One of the most common misunderstandings is that the goal of restorative justice is to restore justice.
You may have seen some news reports this week and last about the disposition of the now infamous Amy Cooper case, in which it was described as restorative justice.
As I begin Election Day 2020, a day that’s sure to be filled with frantic prognostication and analysis in the media, I am asking myself, what does restorative practice have to offer in this moment?
In 2014 two rookie officers with the NYPD shot a Black man to death on a weekday afternoon on a busy commercial street outside my office window. A pedestrian was also injured by a stray bullet that day.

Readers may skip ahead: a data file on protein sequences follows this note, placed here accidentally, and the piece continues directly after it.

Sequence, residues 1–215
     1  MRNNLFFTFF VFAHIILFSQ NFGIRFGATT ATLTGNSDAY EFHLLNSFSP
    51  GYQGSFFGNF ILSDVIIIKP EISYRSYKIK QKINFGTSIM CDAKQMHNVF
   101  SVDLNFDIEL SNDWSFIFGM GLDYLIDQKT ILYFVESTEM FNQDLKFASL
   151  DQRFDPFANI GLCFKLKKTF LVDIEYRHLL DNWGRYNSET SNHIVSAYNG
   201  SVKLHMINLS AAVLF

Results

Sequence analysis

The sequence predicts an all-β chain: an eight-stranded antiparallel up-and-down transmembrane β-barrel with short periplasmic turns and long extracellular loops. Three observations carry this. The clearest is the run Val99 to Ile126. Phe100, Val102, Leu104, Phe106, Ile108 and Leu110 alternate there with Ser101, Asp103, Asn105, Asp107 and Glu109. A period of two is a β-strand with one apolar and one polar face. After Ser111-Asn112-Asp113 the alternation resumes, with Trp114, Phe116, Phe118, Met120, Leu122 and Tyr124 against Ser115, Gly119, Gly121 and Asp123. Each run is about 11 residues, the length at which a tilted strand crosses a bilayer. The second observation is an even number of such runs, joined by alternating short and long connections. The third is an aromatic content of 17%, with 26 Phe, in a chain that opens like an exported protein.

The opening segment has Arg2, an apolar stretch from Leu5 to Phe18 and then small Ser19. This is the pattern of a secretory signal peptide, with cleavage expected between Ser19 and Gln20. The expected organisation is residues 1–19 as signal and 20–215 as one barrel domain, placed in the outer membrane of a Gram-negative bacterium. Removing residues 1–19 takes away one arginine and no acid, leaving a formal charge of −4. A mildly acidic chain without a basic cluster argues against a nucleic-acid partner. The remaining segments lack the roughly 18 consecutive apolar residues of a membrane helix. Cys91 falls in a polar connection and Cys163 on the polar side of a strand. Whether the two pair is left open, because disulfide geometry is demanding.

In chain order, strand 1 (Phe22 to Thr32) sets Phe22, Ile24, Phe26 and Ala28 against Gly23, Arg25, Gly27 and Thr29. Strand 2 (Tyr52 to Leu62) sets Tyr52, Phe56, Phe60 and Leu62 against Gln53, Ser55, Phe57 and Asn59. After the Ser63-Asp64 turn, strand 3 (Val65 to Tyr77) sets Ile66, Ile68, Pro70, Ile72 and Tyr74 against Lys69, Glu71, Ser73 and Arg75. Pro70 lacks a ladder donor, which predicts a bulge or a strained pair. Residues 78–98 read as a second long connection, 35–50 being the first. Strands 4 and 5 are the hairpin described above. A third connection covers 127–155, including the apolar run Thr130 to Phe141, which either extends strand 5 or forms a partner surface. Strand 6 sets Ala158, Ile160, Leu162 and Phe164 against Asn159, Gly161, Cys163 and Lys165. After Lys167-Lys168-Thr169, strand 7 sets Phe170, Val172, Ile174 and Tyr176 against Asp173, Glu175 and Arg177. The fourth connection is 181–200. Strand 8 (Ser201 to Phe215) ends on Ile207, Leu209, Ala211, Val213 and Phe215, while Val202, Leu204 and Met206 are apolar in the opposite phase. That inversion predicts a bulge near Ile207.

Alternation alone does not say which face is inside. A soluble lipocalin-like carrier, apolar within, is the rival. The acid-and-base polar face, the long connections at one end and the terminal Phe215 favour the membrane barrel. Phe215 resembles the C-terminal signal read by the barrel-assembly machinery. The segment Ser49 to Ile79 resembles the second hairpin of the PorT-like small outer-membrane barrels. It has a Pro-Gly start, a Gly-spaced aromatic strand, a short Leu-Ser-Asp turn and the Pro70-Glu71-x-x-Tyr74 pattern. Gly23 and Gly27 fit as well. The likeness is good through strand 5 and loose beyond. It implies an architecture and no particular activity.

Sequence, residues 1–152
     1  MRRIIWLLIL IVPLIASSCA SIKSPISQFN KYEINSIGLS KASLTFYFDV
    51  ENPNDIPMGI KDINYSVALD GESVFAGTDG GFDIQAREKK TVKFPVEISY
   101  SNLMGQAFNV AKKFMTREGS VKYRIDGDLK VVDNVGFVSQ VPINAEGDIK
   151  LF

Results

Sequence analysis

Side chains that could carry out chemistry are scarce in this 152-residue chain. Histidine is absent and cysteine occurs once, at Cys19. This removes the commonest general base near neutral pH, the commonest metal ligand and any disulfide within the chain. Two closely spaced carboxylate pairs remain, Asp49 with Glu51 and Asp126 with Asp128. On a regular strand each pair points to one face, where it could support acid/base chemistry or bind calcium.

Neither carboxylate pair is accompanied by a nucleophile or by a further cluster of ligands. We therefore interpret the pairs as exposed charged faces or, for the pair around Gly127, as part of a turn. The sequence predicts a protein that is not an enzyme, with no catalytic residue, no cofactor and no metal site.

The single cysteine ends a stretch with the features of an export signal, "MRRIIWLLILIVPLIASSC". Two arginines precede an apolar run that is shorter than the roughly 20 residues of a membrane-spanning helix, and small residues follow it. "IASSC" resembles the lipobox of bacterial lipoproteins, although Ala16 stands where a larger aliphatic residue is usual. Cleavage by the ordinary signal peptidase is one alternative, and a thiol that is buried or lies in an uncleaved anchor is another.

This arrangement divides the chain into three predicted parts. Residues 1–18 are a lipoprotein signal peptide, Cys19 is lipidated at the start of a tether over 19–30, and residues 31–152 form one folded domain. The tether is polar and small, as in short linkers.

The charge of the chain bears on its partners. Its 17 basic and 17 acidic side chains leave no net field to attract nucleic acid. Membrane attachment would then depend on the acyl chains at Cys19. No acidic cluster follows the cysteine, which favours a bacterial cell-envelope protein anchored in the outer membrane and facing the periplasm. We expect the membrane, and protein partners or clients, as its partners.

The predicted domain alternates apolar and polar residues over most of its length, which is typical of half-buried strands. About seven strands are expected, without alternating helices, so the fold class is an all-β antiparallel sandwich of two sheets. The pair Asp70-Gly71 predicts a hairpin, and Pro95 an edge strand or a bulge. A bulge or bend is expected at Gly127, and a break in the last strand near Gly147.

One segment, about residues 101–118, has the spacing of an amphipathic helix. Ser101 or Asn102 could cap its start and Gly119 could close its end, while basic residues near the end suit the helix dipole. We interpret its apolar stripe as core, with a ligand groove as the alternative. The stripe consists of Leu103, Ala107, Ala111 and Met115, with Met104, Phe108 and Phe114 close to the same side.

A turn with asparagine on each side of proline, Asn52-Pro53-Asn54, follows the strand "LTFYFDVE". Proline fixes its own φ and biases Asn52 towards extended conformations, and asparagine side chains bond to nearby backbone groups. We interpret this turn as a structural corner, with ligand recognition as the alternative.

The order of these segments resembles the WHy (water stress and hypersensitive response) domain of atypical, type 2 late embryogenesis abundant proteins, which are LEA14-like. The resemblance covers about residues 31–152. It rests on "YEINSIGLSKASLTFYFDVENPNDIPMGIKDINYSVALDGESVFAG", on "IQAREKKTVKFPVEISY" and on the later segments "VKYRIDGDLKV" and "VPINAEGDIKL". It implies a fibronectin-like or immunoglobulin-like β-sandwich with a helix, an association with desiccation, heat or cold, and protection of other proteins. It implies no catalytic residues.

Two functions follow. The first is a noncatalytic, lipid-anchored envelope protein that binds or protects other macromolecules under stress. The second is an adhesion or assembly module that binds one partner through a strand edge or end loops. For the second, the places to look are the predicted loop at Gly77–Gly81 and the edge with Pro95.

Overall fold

First of all, how are you doing? (Hint, there’s no right answer.) Over the past week and a half my inbox has been flooded with messages from organizational leaders attempting to be reassuring, informative and/or inspiring. This has got me reflecting on who we think of as leaders, what we expect from them and why?
In any given week, we’re talking to RJ practitioners, students, survivors, funders, advocates, researchers, journalists and others who are interested in learning more and making connections.